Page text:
Other Press: 160 pp., $16.95
Books have many incarnations. Some come back as plays or movies. If they have questionable karma, they come back as paperback remainders or Saturday morning cartoon shows. "The Patience Stone" would make a fabulous one-woman play. It is set in a bedroom in Afghanistan, where a woman has watched over her husband for 16 days. He is comatose, with a bullet in his neck. The woman changes the bag of fluids and adjusts the tube that keeps him alive. She breathes alongside him. Outside, the sounds of tanks, gunshots, screaming and, most terrifying, silence. Inside, her two frightened daughters call to her from the hallway. A Koran lies on the kilim. As she tries to keep her husband alive, the woman rages against men, war, culture, God. She confesses many secrets; things that have been done to her and things she has done. In confessing, she feels more free, if such a thing were possible in that room, in that war. Her husband's body reminds her of the legend of the patience stone, a stone that hears all confessions until it explodes. "One should never rely on a man who has known the pleasure of weapons!" she berates herself. "You men, you're all cowards!" All the times she has betrayed herself, just to stay alive. "The Patience Stone" is perfectly written: spare, close to the bone, sometimes bloody, with a constant echo, like a single mistake that repeats itself over and over and over.
How Timothy Leary, Ram Dass, Huston Smith, and Andrew Weil Killed the Fifties and Ushered in a New Age for America
HarperOne: 256 pp., $24.99
It does seem remarkable that in the fall of 1960, these four men fell into orbit on the Harvard campus: Timothy Leary, a research psychologist; Richard Alpert (Ram Dass), a psychology professor; Andrew Weil, a student of botany and later medicine; and Huston Smith, a professor of philosophy at the Massachusetts Institute of Technology. This is only the core cast -- Aldous Huxley, Allen Ginsberg and others play supporting roles. It may, however, be stretching things to say that these four horsemen created the mind-body-spirit movement in the United States. Don Lattin tells the story with panache (blinded now and then by kismet, but hey), making no bones about the fact that he is writing narrative nonfiction, based on interviews and secondary sources. Lattin re-creates scenes and dialogues. He names his characters the Seeker (Alpert), the Teacher (Smith), the Trickster (Leary) and the Healer (Weil) and weaves his story around them. The four began as "career-driven, linear-thinking intellectuals," were undone (largely by consciousness-expanding drugs) and reborn as leaders and co-conspirators in a Jumanji game with American culture. Lattin's fascinated by these men, but he's also a fierce judge of their trespasses and their lapses from authenticity. (So we're glad to have him tell the story.)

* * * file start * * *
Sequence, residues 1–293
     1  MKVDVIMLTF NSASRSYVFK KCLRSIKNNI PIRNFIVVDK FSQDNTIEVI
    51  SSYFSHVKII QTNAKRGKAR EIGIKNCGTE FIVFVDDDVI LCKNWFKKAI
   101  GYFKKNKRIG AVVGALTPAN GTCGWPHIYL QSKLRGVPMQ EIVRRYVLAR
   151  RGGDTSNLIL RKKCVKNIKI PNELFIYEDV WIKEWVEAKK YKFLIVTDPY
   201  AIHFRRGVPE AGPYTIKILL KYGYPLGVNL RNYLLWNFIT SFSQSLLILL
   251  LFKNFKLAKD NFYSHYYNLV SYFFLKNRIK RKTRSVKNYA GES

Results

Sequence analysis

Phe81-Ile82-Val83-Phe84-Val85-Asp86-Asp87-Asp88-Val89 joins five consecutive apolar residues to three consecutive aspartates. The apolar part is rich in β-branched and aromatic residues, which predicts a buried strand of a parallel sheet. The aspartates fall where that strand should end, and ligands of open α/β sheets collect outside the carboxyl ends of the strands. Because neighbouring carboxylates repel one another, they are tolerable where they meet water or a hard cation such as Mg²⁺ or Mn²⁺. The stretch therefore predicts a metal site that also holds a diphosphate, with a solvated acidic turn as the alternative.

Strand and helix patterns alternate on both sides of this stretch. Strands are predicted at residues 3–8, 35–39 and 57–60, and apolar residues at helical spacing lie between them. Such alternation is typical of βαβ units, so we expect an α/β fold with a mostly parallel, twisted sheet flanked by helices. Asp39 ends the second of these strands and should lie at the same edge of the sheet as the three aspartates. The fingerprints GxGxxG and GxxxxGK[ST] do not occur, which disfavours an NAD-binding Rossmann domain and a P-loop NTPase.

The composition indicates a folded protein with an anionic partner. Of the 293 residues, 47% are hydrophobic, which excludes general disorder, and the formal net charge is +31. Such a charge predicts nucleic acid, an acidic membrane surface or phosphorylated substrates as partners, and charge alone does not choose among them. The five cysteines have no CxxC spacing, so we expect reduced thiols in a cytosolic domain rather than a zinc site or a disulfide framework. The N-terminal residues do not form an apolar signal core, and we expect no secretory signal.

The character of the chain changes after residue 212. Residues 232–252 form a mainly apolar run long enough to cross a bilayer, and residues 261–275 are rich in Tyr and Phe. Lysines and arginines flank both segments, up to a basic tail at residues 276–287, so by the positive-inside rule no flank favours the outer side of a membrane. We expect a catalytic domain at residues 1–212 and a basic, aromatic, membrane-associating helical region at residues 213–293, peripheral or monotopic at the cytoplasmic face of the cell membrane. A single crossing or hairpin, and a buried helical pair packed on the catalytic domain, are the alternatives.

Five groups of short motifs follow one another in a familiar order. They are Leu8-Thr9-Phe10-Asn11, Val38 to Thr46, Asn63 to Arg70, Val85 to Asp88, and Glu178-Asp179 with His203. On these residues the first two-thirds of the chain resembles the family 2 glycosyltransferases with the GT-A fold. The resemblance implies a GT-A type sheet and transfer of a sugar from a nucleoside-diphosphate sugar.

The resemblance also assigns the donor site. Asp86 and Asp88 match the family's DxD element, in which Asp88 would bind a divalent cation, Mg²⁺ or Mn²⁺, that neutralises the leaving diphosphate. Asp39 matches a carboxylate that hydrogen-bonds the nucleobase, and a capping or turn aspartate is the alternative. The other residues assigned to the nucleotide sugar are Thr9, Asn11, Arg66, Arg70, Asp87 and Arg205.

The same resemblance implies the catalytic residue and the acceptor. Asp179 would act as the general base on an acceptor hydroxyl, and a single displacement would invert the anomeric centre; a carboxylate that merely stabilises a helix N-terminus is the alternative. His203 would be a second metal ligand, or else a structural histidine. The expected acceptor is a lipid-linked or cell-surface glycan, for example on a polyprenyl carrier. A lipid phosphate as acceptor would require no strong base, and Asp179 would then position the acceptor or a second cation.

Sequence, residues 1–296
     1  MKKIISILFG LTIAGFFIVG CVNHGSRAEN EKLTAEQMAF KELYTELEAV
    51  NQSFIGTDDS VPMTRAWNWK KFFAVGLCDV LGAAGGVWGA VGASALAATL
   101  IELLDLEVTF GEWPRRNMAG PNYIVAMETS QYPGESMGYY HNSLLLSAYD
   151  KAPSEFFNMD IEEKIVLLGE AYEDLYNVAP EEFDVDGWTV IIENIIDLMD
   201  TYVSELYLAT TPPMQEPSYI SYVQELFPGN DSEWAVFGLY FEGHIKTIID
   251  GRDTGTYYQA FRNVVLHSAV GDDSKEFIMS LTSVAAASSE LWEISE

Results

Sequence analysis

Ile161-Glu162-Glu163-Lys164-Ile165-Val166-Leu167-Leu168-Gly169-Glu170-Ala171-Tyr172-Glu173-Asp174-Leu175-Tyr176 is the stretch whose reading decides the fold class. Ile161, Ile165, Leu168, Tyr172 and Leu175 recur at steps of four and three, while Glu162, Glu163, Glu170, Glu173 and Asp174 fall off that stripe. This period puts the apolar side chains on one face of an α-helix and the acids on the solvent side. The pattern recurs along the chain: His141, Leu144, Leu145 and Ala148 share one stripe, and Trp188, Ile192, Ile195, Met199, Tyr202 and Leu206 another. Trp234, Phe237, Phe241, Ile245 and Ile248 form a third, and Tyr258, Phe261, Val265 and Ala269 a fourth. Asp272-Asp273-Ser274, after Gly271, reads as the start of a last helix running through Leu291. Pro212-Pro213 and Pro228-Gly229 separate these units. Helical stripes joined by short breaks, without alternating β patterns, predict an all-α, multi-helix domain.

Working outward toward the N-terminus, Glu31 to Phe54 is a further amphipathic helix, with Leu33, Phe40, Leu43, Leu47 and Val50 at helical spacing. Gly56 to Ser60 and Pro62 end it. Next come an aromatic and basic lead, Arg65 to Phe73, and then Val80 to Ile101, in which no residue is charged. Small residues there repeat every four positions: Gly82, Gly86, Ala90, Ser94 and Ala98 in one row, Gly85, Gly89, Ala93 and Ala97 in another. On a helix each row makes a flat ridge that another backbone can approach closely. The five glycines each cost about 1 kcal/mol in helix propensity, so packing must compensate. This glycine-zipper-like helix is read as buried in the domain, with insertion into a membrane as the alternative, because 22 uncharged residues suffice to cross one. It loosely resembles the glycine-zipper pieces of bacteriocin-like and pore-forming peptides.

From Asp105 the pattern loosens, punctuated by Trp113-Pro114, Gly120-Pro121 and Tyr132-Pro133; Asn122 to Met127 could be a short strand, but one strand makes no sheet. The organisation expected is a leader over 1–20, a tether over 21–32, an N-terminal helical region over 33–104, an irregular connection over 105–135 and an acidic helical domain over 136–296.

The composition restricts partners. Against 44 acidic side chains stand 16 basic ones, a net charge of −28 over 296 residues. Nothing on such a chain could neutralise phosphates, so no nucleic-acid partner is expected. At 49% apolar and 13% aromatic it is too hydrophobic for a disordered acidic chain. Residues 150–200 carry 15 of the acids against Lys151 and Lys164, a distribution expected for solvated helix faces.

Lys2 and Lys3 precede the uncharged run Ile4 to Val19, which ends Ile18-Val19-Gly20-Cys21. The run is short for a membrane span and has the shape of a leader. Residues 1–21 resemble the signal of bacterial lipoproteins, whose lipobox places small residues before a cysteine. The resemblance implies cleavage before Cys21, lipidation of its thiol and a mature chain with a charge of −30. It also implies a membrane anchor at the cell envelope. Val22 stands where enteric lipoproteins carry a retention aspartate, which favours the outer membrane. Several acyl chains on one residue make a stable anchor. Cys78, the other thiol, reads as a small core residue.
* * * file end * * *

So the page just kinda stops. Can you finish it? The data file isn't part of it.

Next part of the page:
Alpert was overwhelmed by his own insecurities, Leary seduced by excess, Weil (who wrote a damaging exposé in the Harvard Crimson of Leary and Alpert more than 40 years ago) comes out as a canny businessman who has done much to make mainstream medicine more honest, and Smith emerges as the hero of the story: "All four members of the Harvard Psychedelic Club dedicated their lives to the study of the human consciousness. What separates Huston from the pack is his understanding that the real test of a person's spirit is the way they live their lives. It's what happens after the ecstasy."
I Used to Be Somebody
Bob Wynn as told to Tom O'Connell & Johanna Miller
Tate Publishing: 250 pp., $14.99
This book crossed my desk with a self-deprecating letter in which the 77-year-old author doubted very highly that anyone actually cared about his 40-plus years producing and directing television shows and extravaganzas for NBC, ABC, CBS and PBS. A beautiful air of indifference to his own legacy wafts through much of the book (he's human, after all, and allows himself a bit of record-straightening), setting it apart from so much of the self-mythologizing that poisons ex-executives in any field. This lightness adds to the glamour and the nostalgia for those bad old days with Sammy Davis Jr., Danny Thomas, Bob Hope and many others. Reading "I Used to Be Somebody" is so much like one of those evenings that reminds you of why you love Los Angeles. You end up at a dinner, sitting next to someone who tells the most wonderful stories. By the end of the evening, you feel, inexplicably, like dancing.
Salter Reynolds is a critic in